What Does FDA Approved Epoxy Mean?
To be approved by the US Food and Drug Administration (FDA), the epoxy resin product must comply with the Title 21 Code of Federal Regulations: CFR 175 subsection 105 (Adhesives) and subsection 300 (Resinous and polymeric coatings) and pass several strict tests.
The main requirements are:
- The material shouldn’t release any taste or smell to the food.
- No or only minimal amounts of non-crosslinked components are allowed to be released into the food.
- The composition of the food can’t be changed by contact with the product.
- The substance doesn’t present any risk to human health as a result of its consumption.
How to Choose & Use Food Grade Epoxy Products?
It’s relatively easy to find food-grade resin coating in most DIY stores. However, FDA compliant brands are still in short supply, so searching online is your best bet for a comprehensive selection.
Make sure to browse the manufacturers’ websites or contact them directly, check their test seals before purchase, and read reviews. Or simply check out our top picks below, we’d love to save you some time and effort.
FDA Approved Resins
|MAX CLR||Art Resin|
|Most endorsed by Reviews
Epoxy Resin for Your DIY Projects
The first step is to consider how much time you would like to dedicate to your handiwork. Epoxy resins feature such properties as work life and cure time.
The former represents how long it would take the material to harden and dry. The latter is the time needed for initial chemical reaction with the hardener to be completed.
It matters when choosing the right system: you don’t want the resin to stiffen when you’re only halfway through with your piece, right?
Measure and mix epoxy and curing agent accurately, sticking 1:1 ratio if the instructions don’t say otherwise.
Don’t go for epoxy resins for industrial use, no matter how attractive their price may seem.
They are developed with industry-level safety measures in mind that your home environment doesn’t boast (e.g., insulated spaces or protective suits.)
Your best choice should be FDA-compliant raw materials for artisans. Their significantly higher price indicates not only the better quality of the product. It means that the manufacturer is covering the hefty expenses on acquiring the test seals confirming EU and FDA approval.
It’s a MUST to protect your skin, eyes, and breathing passages while working with toxic hardeners and epoxies in a liquid state.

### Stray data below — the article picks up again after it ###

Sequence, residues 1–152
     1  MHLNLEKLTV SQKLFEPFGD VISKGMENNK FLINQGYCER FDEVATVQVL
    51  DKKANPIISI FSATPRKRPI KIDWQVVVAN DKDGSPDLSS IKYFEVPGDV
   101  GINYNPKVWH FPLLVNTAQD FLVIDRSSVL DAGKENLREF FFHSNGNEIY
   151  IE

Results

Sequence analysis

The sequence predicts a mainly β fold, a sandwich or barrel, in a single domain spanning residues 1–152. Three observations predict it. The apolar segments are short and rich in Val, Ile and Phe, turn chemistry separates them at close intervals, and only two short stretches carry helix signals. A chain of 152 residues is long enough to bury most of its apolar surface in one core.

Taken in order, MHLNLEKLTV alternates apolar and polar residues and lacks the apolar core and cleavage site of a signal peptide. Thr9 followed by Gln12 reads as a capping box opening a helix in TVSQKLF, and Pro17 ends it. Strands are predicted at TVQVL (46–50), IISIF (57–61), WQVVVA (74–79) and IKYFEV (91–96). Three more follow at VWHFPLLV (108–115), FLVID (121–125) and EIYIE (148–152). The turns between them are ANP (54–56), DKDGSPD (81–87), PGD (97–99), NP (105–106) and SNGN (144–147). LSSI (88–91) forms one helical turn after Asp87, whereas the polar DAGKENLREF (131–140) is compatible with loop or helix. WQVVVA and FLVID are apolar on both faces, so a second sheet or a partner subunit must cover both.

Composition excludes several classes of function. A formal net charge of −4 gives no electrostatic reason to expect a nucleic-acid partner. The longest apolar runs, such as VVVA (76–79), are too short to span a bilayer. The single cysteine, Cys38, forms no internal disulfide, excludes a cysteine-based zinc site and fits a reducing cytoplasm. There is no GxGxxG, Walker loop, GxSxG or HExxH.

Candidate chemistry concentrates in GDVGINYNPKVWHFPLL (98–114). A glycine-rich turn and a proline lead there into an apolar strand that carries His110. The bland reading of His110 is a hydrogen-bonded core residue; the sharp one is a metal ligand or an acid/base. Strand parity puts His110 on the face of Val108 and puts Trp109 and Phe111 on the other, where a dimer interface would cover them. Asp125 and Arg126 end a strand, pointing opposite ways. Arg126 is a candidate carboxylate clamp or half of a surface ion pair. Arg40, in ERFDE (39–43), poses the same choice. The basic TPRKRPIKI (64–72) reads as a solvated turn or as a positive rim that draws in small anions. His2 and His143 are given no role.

Your top picks should be nitrile gloves, safety goggles, and a breathing mask featuring double filters.
Ready-Made Items with Epoxy
There’s no reason to say no to impressing your guests with mixed cheese on an epoxy-covered plate or ask them to a designer resin table.
We don’t want to be a bore, but when it comes to day-to-day use or food storage, a pretty food container simply isn’t worth the risk of BPA or other substances leaching out.
That said, high temperatures accelerate the leaching process, so a vibrant resin-decorated tumbler should only be used with cold beverages (bummer).
- If you decided to saw, drill, or grind such a product, wear an A2 dust mask and air the room you’re working in.Although cured epoxy is no longer dangerous in most cases, it creates fine toxic dust that can’t be inhaled.
- Watch out for any skin reactions after contacting epoxy-coated surfaces for a while. Make an appointment with your dermatologist at once if you notice some changes.The damage caused by inappropriately cured epoxy resin may turn out to be irreversible if you don’t treat it right away.
- Unless the product contains food-safe heat-resistant epoxy, or instructions say otherwise, don’t utilize it under high temperatures.
The rule of thumb of handling the resin item is to keep the temperature under 50?. This is how you avoid deformation and other damages.
When dealing with chemical substances like epoxy resin, the best advice anyone can give you is to do things by the book. As long as you follow the product manual and our tips, any crafty project or a nifty purchase of yours is bound to be a success, food-safe and risk-free.
Richard Jenkins is a 33-year-old Professional Painter that applies paint on the interior and exterior surfaces. Qualified in painting technology knowledge, physical fitness, stamina, teamwork, and attention to safety. Read More.